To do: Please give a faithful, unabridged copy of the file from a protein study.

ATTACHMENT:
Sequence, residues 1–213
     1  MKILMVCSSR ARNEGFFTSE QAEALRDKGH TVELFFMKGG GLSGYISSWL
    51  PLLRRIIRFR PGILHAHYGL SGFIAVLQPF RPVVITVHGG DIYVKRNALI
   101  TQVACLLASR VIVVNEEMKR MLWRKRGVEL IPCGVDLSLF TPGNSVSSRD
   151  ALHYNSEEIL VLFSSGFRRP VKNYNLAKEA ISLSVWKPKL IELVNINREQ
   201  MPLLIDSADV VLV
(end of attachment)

Sequence, residues 1–213
     1  MKILMVCSSR ARNEGFFTSE QAEALRDKGH TVELFFMKGG GLSGYISSWL
    51  PLLRRIIRFR PGILHAHYGL SGFIAVLQPF RPVVITVHGG DIYVKRNALI
   101  TQVACLLASR VIVVNEEMKR MLWRKRGVEL IPCGVDLSLF TPGNSVSSRD
   151  ALHYNSEEIL VLFSSGFRRP VKNYNLAKEA ISLSVWKPKL IELVNINREQ
   201  MPLLIDSADV VLV